We all are moving into an era where owning depreciating products has become the thing of the past. Today’s millennial wants to have access to lifestyle products than own them. Since their access cost to the products is only a fraction of the total cost, businesses providing access end up spending a higher upfront cost to start off the operations and take relatively longer periods to scale them as well.
We have seen numerous examples in the past where an asset light model has worked wonders. The classic example can be any big hotel chain versus Airbnb where the latter doesn’t own any of the hotels and has widespread reach across the globe.
Asset light models are generally the ones which work as a marketplace where the business ends up making the buyer and the seller meet on a common platform and draw a commission as revenue. Traditionally the oldest form of business is indeed commission driven.
Being asset light brings with it a myriad of benefits. It means lower operating costs and risks. The management is then able to entirely focus on core risks and opportunities. Plus, an asset-light company has the flexibility to expand to a new location at the click-of-a-button, increase the number of partners and expand its capacity. Scalability of an asset light company is not limited by its capital allowing it to expand rapidly and globally in certain cases. Through outsourcing or asset sharing, such companies can focus on building their R&D.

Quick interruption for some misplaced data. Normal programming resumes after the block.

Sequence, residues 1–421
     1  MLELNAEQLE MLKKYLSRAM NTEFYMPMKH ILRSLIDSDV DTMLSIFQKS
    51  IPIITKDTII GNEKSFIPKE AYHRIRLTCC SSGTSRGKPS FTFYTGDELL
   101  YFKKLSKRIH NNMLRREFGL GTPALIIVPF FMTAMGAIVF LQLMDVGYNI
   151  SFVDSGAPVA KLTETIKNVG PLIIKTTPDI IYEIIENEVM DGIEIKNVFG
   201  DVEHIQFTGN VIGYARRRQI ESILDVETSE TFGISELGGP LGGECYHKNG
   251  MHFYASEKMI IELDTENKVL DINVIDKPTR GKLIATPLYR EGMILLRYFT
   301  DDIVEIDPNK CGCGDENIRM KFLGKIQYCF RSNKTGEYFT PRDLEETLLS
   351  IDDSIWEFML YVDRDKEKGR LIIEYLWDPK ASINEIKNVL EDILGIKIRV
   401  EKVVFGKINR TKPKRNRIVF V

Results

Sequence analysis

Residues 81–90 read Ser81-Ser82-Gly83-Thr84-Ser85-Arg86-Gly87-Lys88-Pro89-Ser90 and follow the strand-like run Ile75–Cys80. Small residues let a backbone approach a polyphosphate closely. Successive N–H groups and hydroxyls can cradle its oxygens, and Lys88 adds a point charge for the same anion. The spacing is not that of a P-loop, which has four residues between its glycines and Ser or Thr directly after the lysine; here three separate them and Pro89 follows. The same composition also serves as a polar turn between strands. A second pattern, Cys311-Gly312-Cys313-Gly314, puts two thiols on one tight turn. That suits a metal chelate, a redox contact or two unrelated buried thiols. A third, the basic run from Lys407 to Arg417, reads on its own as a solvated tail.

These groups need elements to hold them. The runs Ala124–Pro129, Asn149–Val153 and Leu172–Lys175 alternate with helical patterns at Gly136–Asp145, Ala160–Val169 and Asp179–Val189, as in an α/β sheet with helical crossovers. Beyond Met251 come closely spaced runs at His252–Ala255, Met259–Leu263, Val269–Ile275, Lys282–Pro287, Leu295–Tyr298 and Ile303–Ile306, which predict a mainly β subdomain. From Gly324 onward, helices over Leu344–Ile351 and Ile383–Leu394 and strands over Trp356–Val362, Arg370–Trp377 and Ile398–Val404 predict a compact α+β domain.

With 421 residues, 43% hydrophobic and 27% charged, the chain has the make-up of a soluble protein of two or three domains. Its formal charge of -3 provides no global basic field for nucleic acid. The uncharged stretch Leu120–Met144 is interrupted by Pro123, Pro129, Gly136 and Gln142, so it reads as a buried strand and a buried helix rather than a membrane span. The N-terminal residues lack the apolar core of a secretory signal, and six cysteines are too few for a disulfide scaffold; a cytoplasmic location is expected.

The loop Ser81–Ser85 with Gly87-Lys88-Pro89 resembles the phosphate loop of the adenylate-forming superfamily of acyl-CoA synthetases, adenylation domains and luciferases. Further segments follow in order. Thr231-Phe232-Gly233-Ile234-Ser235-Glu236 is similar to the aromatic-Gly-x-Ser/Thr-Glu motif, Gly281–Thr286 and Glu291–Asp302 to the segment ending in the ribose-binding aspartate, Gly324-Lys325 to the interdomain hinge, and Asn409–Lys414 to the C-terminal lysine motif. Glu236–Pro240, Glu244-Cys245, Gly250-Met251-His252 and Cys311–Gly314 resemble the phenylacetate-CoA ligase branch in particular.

Asset-heavy models, on the other hand, tie up significant capital and frequently prove less flexible in a dynamic environment. Being asset light is the need of day. Companies and their business models get outdated frequently these days. Competition arises from unknown quarters and holds the potential to disrupt the existing markets. In such a dynamic market scenario, the inertia and inflexibility that accompanies is what must be noted.
One example of such business cases are today’s rentals companies . There are broadly three models that online rental companies use.